Aldwych Theatre

A guide to the Aldwych Theatre in London's West End

Since opening in 1913, the Aldwych Theatre has staged many classic plays including several premieres of works by Harold Pinter, farces and, more recently, smash-hit musicals. It is within easy walking distance of many popular attractions such as Leicester Square, as well as many popular pubs and restaurants. It means it's ideally located if you're looking to combine it with a great theatre meal deal or drinks.

Situated in The Aldwych close to Covent Garden, the theatre is four minutes walk from Covent Garden tube station, five minutes from Temple and seven minutes from the Embankment. It has a capacity of 1,200 accommodated across three levels stalls, dress circle and upper circle. Designed in the Georgian style, the theatre is part of a vast complex that includes the Waldorf Hotel and the Waldorf, now the Ivor Novello Theatre. Its great location, ornate interior and period charm make it a great venue for that special day out.

The history

Designed by the prolific W G R Sprague, the Aldwych opened with a production of Blue Bell, a new version of the popular pantomime Bluebell in Fairyland. On a very different note, in 1913, the theatre was used by Sergei Diaghilev and Vaslav Nijinsky for rehearsals of the ballet The Rite of Spring. This opened to a huge furore in Paris shortly afterwards. From 1923 to 1933 the theatre hosted 12 comedies, most of them written by Ben Travers, which became known as The Aldwych Farces and which enjoyed huge popularity. This was followed in 1949 by a staging of A Streetcar Named Desire starring Vivien Leigh following her film success.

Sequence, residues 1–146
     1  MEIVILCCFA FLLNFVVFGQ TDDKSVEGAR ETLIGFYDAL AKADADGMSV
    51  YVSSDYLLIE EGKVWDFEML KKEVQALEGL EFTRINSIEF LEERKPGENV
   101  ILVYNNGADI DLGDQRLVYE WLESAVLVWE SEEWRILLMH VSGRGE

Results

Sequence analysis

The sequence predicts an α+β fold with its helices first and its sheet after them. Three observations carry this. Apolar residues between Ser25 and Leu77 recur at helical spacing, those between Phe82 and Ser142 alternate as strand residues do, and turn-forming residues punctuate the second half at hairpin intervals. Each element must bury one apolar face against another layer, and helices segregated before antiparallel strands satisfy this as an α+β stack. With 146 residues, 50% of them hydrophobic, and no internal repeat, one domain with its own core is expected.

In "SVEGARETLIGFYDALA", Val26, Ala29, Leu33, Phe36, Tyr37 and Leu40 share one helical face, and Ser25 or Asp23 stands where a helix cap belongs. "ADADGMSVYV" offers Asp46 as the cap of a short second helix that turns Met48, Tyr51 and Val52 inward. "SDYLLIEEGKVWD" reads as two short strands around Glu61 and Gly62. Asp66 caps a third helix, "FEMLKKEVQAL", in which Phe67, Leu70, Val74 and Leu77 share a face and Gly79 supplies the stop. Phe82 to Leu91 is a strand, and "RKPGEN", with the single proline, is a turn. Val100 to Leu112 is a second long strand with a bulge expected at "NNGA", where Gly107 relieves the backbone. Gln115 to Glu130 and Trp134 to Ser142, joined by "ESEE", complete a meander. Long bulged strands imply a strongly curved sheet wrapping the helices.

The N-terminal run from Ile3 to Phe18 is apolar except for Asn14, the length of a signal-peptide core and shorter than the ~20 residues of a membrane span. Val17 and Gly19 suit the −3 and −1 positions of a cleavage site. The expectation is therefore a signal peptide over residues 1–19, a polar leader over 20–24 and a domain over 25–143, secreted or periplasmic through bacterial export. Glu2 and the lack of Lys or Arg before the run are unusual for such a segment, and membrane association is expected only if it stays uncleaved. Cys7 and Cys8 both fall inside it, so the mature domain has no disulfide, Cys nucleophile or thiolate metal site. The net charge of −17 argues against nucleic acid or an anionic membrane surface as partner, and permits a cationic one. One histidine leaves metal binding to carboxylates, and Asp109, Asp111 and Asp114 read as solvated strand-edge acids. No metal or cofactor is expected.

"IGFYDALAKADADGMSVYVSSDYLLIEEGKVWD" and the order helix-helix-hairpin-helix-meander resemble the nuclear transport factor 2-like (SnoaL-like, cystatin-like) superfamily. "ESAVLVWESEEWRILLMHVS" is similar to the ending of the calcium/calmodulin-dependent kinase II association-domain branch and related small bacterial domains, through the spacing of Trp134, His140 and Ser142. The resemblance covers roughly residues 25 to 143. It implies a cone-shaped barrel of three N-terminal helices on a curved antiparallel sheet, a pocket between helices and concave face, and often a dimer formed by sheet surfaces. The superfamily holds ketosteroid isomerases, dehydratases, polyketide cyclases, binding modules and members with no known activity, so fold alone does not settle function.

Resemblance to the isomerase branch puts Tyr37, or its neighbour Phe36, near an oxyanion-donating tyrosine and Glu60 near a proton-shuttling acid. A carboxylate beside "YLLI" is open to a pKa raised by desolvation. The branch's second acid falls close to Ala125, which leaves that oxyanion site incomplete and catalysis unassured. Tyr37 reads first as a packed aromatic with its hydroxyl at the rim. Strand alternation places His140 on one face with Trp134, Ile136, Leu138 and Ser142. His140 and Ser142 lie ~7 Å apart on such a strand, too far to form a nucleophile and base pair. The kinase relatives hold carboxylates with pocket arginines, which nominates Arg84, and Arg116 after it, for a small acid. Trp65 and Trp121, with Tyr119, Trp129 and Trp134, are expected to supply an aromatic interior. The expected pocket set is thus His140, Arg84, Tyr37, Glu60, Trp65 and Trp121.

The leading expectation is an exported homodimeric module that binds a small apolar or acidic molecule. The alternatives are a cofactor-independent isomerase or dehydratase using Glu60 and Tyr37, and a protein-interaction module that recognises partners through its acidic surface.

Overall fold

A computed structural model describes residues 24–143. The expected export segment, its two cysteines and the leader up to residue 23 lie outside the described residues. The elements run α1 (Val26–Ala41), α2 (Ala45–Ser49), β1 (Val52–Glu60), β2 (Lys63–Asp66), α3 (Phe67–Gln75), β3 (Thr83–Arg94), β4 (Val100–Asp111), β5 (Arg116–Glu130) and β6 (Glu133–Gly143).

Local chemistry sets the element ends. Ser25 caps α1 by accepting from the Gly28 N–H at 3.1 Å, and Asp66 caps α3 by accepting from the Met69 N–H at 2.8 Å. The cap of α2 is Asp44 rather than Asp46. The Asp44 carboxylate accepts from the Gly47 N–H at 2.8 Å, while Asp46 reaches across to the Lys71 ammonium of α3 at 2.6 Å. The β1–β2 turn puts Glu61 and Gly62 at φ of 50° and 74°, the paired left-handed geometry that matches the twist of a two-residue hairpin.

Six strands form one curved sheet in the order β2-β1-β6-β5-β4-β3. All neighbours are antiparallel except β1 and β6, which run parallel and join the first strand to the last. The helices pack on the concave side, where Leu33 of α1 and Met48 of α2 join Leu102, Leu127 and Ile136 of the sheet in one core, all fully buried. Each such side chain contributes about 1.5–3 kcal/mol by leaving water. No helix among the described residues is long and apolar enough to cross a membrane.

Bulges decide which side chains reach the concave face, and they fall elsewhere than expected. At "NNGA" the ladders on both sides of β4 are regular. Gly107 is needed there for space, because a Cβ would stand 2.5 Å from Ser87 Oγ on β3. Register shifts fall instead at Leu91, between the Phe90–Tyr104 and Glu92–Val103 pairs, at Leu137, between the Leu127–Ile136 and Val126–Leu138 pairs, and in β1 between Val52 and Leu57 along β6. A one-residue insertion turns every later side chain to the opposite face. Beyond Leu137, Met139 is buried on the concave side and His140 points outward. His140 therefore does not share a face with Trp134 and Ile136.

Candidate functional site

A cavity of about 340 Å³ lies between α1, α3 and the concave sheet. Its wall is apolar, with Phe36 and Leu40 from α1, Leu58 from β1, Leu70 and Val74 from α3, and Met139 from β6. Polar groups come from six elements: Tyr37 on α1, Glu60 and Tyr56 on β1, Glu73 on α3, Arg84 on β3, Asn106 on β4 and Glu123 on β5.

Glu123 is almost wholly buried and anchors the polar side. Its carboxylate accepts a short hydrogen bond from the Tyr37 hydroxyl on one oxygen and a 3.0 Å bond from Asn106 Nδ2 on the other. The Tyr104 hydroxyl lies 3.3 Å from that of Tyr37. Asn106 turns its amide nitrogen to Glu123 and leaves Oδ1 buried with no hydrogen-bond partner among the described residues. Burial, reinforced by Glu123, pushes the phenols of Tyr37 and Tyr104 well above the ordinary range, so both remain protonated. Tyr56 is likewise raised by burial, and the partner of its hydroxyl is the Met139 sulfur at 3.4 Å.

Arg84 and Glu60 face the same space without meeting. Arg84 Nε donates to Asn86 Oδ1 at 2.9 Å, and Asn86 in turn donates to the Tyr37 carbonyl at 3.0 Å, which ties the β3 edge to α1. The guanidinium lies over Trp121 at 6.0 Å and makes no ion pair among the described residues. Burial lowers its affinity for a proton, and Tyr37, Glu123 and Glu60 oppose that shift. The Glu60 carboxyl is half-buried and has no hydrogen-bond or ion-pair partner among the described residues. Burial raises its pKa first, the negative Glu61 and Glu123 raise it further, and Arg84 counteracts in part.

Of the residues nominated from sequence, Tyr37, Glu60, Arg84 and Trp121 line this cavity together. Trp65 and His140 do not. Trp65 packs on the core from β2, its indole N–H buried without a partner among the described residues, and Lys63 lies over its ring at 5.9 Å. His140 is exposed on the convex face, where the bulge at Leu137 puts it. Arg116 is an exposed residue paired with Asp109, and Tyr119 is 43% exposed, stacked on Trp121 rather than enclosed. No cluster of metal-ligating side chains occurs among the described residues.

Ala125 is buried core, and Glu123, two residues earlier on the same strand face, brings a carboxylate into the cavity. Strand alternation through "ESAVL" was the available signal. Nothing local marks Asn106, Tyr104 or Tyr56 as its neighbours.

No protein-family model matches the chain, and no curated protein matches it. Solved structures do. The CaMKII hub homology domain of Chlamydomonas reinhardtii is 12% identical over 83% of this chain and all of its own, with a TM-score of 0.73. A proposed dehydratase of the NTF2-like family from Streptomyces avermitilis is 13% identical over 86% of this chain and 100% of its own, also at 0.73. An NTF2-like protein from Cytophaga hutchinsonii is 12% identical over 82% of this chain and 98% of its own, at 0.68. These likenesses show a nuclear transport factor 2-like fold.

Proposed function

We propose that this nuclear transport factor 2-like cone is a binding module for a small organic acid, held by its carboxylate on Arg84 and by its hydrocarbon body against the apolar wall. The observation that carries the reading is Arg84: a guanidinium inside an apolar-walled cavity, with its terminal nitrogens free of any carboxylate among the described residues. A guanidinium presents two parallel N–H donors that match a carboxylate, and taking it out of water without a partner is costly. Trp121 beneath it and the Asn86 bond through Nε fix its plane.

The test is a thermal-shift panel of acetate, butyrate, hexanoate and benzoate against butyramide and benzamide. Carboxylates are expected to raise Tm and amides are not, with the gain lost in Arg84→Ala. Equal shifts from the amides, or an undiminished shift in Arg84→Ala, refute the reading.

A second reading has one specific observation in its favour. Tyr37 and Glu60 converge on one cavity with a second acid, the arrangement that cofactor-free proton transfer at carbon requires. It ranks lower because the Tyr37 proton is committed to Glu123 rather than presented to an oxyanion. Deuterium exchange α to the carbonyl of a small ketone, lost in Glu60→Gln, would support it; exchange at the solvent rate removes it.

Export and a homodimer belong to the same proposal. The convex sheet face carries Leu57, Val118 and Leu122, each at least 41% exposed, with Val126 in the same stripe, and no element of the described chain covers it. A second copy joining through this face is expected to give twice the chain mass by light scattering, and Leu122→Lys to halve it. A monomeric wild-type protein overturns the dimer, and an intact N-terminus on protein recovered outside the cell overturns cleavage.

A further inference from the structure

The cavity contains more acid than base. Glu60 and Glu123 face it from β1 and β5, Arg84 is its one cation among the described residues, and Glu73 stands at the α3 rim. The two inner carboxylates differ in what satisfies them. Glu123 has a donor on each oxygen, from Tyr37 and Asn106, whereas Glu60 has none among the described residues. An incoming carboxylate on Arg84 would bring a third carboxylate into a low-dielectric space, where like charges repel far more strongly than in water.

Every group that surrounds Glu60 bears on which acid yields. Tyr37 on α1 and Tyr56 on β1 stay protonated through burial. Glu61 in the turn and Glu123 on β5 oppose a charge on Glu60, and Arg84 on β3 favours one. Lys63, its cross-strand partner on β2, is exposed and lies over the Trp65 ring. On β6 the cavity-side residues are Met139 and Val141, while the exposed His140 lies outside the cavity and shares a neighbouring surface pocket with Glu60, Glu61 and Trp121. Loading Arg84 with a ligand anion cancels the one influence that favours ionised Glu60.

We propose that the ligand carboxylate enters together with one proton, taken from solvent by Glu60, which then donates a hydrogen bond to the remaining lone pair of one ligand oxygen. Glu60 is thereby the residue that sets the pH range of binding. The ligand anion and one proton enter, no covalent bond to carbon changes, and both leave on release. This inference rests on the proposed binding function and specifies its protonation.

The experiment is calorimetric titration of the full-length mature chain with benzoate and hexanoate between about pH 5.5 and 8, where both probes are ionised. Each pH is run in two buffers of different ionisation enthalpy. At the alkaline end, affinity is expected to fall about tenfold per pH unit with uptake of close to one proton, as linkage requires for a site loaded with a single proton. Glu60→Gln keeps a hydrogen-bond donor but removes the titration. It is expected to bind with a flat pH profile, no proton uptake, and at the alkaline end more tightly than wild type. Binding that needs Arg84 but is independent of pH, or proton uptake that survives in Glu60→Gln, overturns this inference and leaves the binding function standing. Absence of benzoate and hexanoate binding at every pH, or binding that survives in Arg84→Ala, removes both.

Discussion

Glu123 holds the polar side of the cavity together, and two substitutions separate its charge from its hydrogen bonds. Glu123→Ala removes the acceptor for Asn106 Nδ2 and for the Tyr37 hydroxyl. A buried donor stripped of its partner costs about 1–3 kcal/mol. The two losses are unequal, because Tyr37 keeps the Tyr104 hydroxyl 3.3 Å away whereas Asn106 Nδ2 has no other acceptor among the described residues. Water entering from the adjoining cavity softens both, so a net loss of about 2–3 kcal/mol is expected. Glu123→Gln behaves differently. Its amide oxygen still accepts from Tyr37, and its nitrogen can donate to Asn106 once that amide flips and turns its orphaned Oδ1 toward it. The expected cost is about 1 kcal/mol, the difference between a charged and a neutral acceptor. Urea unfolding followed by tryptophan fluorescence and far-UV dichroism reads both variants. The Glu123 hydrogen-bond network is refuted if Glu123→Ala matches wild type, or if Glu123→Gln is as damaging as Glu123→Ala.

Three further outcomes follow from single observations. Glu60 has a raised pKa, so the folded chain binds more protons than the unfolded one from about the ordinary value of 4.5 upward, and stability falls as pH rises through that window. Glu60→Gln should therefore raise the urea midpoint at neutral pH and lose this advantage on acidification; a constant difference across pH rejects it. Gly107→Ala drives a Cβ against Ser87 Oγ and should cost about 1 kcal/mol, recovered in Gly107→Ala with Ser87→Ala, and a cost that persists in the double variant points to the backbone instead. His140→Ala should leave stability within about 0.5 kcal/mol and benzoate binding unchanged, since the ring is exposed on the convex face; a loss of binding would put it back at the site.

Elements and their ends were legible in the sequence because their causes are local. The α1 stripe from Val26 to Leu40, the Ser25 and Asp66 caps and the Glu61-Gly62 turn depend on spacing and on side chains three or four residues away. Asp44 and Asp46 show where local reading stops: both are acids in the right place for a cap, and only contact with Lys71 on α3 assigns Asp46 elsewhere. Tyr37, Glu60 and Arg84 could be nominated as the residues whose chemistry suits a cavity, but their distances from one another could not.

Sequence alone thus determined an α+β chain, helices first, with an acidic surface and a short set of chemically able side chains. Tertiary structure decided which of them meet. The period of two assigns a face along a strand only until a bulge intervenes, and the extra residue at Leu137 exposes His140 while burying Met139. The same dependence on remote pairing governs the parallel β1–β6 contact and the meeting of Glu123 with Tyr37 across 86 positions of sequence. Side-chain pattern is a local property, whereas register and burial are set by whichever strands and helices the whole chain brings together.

Other notable productions included The Wars of the Roses, The Greeks and Nicholas Nickleby starring Roger Rees, among the plays staged by the Royal Shakespeare Company (RSC). They took up residency here from 1960 to 1963 before moving to the Barbican. Following the departure of the RSC, impresario Peter Daubeny staged the acclaimed The World Theatre Seasons, which ran from 1964 to 1975, and which featured foreign plays in their original language.

Other landmark productions include the premieres of The Collection, The Homecoming and Old Times by Harold Pinter. More recently, the venue hosted a production of Noel Coward's Private Lives (1990) starring Joan Collins, An Inspector Calls (1993 to 1995), Whistle Down the Wind, a musical by Andrew Lloyd-Webber, Fame - The Musical, Dirty Dancing, Top Hat - The Musical and the short-lived Stephen Ward The Musical.

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